Misguided Paths to Happiness
BY: T. Franklin Murphy | January 2016 (edited December 28, 2021)
We engage in a variety of thinking errors in our pursuit of happiness. If we catch these errors, we can make significant life improvements
A flourishing life requires multiple skills. We must manage negative debilitating thoughts, regulate powerful emotions, productively secure a living and build relationships, and find some meaning and purpose in it all. The volume of confusing advice for living healthy usually falls into one of these categories. The well-being field is flooded, information flowing from countless sources. As a wellness expert, I find sorting through effective and ineffective information difficult. Our success in navigating this path begins with avoiding thinking errors that impact all aspects of wellness.
The Happiness Error
Over the last century, happiness has become the goal, shifting from traditional ethical living to seeking whatever "just makes me happy." Previously, happiness was a beneficial consequence that accompanied living a constructive life. We now consume products because they promise happiness, not because of underlying goodness—to self or others. Suppliers fill the shelves, aisles and web pages with products that promise happiness.
We are notorious poor at predicting what will make us happy. Plenty of things provide an immediate surge of positive arousal, but the feeling affects quickly fade and we return to the same drab lives.
Our thinking error is we confuse happiness with pleasure.
See Pursuing Happiness for more on this topic
Healthy Behaviors and Happiness
Often life benefiting behaviors take time to marinate before blooming into greater well-being. The patient follower must courageously cling to wisdom while persisting with difficult new actions. We are easily distracted, misled by promises of ease and give in to the tempting images of instant success.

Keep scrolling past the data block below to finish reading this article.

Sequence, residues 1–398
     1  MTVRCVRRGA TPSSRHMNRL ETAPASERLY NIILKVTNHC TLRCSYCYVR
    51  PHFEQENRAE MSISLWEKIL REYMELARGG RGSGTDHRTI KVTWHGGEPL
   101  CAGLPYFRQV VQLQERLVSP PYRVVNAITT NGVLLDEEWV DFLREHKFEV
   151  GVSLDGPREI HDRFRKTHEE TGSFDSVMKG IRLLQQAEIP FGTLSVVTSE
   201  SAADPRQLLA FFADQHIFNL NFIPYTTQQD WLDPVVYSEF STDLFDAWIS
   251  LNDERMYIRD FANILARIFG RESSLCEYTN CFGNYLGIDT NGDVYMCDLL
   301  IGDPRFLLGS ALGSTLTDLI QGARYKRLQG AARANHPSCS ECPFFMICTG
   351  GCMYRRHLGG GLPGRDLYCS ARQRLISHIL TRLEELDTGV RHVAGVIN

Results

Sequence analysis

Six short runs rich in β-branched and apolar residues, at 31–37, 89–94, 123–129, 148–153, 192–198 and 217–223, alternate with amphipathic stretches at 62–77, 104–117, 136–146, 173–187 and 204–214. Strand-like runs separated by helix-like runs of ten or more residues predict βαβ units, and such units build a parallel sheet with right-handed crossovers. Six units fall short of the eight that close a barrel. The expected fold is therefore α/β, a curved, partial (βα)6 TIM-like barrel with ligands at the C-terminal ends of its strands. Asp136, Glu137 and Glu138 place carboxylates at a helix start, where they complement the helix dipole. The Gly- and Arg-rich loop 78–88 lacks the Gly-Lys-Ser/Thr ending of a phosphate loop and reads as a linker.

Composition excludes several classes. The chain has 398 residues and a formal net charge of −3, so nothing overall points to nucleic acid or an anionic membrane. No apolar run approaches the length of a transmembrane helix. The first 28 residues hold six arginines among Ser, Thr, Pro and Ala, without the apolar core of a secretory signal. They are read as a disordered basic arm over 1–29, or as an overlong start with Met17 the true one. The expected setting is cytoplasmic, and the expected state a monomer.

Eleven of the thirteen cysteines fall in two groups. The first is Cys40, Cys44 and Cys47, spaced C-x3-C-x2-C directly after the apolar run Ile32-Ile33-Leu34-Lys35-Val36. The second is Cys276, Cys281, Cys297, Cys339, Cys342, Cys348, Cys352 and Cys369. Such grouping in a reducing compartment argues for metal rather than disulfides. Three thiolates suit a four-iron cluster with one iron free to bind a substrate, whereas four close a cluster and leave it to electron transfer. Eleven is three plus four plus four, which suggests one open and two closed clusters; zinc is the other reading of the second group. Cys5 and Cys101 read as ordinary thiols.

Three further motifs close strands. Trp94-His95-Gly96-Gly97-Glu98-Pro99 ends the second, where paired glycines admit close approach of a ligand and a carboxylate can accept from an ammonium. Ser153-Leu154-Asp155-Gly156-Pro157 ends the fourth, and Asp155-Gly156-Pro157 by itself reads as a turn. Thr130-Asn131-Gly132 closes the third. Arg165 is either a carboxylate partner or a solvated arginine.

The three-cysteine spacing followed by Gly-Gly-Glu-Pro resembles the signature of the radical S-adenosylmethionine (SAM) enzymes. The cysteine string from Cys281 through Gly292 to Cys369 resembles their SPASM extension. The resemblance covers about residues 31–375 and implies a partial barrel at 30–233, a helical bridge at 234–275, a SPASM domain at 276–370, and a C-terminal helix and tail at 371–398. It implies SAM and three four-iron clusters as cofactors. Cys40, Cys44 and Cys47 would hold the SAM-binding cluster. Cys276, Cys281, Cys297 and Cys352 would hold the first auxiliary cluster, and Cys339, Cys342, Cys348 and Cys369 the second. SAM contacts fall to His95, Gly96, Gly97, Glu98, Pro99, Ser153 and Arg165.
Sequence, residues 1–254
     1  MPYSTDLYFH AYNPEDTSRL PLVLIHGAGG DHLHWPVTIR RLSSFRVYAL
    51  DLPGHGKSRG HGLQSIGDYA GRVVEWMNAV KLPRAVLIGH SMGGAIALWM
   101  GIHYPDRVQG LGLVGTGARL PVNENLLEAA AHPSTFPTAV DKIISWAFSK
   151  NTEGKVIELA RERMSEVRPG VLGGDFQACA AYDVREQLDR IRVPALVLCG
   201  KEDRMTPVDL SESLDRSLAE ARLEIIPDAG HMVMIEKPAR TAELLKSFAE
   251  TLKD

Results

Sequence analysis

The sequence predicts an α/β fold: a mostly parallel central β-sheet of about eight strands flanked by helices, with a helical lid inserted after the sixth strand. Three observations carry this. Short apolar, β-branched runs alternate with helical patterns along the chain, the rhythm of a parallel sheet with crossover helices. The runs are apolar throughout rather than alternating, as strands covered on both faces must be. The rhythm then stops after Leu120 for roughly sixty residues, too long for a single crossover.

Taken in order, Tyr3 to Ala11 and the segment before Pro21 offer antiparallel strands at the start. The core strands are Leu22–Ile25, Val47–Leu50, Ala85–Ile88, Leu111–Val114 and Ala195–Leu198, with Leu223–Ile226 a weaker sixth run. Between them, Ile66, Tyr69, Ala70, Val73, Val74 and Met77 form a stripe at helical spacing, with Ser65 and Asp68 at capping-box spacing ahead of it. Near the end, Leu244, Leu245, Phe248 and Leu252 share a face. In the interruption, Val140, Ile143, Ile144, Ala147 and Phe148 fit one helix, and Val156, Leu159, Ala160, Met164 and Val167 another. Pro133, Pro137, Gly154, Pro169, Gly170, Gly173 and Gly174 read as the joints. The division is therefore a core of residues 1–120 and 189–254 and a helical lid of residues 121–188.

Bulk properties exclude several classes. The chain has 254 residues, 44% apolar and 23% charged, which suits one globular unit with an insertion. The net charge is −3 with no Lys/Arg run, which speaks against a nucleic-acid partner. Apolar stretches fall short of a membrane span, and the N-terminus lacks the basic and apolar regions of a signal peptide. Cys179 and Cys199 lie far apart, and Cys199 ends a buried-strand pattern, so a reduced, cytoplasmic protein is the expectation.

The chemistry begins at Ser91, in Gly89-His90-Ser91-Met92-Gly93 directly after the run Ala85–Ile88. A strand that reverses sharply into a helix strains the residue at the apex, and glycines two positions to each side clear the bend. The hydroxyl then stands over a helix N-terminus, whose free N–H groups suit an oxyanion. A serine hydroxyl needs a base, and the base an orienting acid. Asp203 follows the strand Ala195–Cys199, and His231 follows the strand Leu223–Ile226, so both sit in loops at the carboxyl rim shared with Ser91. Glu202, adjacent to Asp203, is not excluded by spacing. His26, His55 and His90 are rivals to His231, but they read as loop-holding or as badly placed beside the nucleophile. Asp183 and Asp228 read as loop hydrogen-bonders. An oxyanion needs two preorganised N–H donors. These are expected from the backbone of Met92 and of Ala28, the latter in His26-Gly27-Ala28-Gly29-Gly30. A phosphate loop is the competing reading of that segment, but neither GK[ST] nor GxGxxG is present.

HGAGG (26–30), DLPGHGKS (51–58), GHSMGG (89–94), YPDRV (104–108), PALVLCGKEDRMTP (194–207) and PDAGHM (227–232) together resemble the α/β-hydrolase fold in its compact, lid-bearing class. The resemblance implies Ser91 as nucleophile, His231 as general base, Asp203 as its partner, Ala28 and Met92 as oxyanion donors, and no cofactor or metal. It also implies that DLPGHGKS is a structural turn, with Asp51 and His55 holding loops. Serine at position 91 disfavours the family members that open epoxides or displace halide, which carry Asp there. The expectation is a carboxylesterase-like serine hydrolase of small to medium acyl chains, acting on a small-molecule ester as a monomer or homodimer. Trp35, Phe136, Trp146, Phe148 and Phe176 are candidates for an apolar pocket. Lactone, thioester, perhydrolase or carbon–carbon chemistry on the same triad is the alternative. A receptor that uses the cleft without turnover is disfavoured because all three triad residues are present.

Our thinking error is we demand immediate returns on healthy behaviors.
See Wellness Basics for more on this topic
Emotions as a Guide
Confused by the mass availability of data and deceptive authority, we fight uncertainty by relying on feelings. If it feels right, we pursue. Emotions are adaptive and powerful regulators of life. However, they have pitfalls. They don't perfectly guide. Many actions produce pleasant sensations while creating long-term damage, while other actions cause discomfort in the present but bless in the long-term.
Misinterpreted meanings extracted from positive and negative feelings direct us down erroneous paths. Over-reliance on emotions, trusting they cannot lead us astray is a thinking error, leading to future sorrows.
See the Emotional Guidance System for more on this topic
"Life benefiting behaviors take time to marinate before blooming into greater well-being."
Change is Easy
Changing behavioral trajectories requires effort (a Lot of it); we must face the stubbornness of engrained habits and protective thinking. Adjusting course demands persistently forcing different actions than our inclinations. This doesn’t feel good, demanding exhaustive mental effort.
When we challenge justifying thoughts, it doesn’t feel good; resisting chemical dependencies doesn’t feel good; listening to advice doesn’t feel good; sacrificing present pleasure for a better future doesn’t feel good—at least at first.
Our thinking error is expecting change to be easy.
See Why is Change so Difficult? for more on this topic
Many Thinking Errors that Lead Away From Goals
There are many errors of thought that can lead us off track.
Our task is to catch some of the errors, correct when possible and improve our lives.
"The problem isn't that Johnny can't read. The problem isn't even that Johnny can't think. The problem is that Johnny doesn't know what thinking is; he confuses it with feeling."
We must be skeptical, slow to abandon proven behaviors for attractive shortcuts. Look a little deeper. Look for evidence. Ask a few questions. Are there confirming studies? Who conducted the studies? Where did the idea come from? Is the idea all-encompassing, ignoring complexity?
Slowing down to investigate, asking a few questions, may save us from many unneeded hurts and setbacks because of erroneous thinking. We are human; we occasionally will be duped. Upon first contact, we may like an idea because it sounds right, but with further examination and a few probing questions, we often discover the error, avoid wasting time and can pursue a more productive course on our way to happiness.
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